David Kirp does have a point, a good one, that “it’s impossible to improve education by doing an end run around inherently complicated and messy human relationships,” that is, around what we call public schooling, whether the “end run” be a particular innovation such as the invisible hand of the market or the transformative power of technology, or anyone of a number of others that have been tried over the years. Also he’s correct when he says that “the essence of a good education is bringing together talented teachers, engaged students, and a challenging curriculum.”
But he ends up where he should have begun, which is how to do this, how to bring together the talented teachers, engaged students and a challenging curriculum. Does he really believe that this same essence of a good education is not in the minds and the intentions of the reformers? Kirp too easily puts down the business, charter, and voucher reform models, too flippantly says they have failed, that the Gates and other monies thrown at them were thrown away.
But why does he seem to assume that all these (even if unsuccessful) efforts were not also very much trying to bring the elements of a good education together, by different means, that’s all?
But it’s really not so much that our reform efforts have failed, although they have. It’s more important that the schools themselves have failed to fulfill the original promise of Horace Mann, before, after, or even while undergoing seemingly endless reforms.
What was that promise? Mann argued that the common, or free, universal, non-sectarian and public school was the best means of achieving the moral and socioeconomic uplift of all Americans, of creating the virtuous republican citizenry needed to sustain American political institutions, of producing the educated workforce required to expand the American economy, and with all that the disciplined generation necessary to forestall the social disorders so common in American cities, in his time before the Civil War, but still no less prevalent in our own time today. [from Horace Mann and the Creation of the Common School]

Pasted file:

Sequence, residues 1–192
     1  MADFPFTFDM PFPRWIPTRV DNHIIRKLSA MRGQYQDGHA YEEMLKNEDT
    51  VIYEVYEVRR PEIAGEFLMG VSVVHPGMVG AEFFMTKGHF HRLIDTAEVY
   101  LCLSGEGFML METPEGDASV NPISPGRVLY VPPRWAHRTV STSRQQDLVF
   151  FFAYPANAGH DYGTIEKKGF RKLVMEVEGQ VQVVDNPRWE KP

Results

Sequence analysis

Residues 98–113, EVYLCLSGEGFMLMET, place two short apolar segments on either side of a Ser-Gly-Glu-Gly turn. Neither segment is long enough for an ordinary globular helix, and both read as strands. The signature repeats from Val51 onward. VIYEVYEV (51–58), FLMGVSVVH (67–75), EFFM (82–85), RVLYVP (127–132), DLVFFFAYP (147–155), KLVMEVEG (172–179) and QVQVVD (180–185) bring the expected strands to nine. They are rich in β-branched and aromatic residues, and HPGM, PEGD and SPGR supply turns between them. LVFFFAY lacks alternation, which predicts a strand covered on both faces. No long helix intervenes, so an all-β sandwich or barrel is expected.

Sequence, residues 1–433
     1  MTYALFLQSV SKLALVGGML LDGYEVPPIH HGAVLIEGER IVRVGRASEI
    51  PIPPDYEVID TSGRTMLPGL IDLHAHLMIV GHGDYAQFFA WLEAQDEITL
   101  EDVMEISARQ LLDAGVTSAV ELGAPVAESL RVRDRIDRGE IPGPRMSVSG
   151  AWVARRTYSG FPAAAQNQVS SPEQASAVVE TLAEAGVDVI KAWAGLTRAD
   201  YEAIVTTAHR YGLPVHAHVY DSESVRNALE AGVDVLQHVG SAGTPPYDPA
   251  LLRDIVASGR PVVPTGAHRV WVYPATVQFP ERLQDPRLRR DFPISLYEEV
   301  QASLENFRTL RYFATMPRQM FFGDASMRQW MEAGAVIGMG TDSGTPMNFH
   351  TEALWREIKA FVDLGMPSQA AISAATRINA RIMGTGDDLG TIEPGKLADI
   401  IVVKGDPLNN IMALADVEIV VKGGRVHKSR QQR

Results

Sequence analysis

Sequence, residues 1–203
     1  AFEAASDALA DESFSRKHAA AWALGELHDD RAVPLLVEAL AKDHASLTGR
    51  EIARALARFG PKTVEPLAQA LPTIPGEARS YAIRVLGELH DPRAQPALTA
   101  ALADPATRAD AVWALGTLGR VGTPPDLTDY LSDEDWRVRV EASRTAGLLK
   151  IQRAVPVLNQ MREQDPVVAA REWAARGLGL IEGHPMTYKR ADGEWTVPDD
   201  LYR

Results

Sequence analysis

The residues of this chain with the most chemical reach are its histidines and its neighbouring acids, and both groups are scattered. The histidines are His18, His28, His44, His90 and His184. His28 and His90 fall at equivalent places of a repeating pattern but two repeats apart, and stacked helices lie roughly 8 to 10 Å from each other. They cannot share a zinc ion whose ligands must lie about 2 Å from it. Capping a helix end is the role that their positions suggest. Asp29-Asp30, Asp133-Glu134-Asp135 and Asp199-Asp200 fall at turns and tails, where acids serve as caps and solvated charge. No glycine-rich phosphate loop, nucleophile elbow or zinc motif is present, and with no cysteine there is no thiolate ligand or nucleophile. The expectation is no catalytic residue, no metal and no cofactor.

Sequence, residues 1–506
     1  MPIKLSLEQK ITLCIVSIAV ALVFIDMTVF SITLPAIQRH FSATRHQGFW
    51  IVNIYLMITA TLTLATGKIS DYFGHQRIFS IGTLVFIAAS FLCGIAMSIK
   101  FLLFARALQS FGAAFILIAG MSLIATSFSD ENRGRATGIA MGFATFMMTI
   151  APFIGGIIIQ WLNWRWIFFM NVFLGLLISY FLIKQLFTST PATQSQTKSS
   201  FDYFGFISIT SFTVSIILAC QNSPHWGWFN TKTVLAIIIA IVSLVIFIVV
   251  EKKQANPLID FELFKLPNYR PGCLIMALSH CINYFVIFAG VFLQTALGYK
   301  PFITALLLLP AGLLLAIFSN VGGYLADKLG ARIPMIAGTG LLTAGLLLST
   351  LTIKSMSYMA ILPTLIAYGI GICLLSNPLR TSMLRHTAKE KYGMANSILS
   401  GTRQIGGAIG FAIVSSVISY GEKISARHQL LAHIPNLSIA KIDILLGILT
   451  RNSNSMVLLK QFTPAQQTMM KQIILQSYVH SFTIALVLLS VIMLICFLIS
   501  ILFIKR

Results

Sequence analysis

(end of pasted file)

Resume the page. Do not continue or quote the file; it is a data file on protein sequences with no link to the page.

Does anyone doubt that our schools during their nearly 200 year history have totally failed to accomplish these goals? The obvious failure explains the endless reform movements. But rather than putting down the reform movements as David Kirp does in his Times op ed piece shouldn’t we question both the original structure of the common school, that in most regards is the same today as in the 1830s and 40s when it began in Massachusetts —that is, the single monolithic school building as the place of education, the compulsory attendance requirement, the classroom of students of the same age and therefore possessing much the same level of knowledge or ignorance, the single classroom teacher, and all the rest.
And shouldn’t we no less question Horace Mann’s goals for the schools, clearly set too high and probably impossible to achieve in a lifetime let alone the 12 or few more school years?
Although there have been many who have questioned both the goals and structure of the public schools, there has been only one significant attempt to undo them, the so-called free school movement of the 1960s and 70s, led by A. S, Neil, Paul Goodman, and John Holt among others. But the Free School model remained an outlier, and was never adopted by the educational establishment. The free schools that did survive never become a real alternative to the public schools.
Instead free schools were replaced by homeschooling, this also the brain child of John Holt, and that which today is very much alive and the only real and complete alternative to the public school, affecting probably many more children, nearly 2 million at last count, than the reforms that David Kirp mentions. The homeschooling movement, with no common structure, and no goals other than to allow and then help the individual child to follow and develop his own interests and talents, ought to be the model for, if not the essence of all schooling.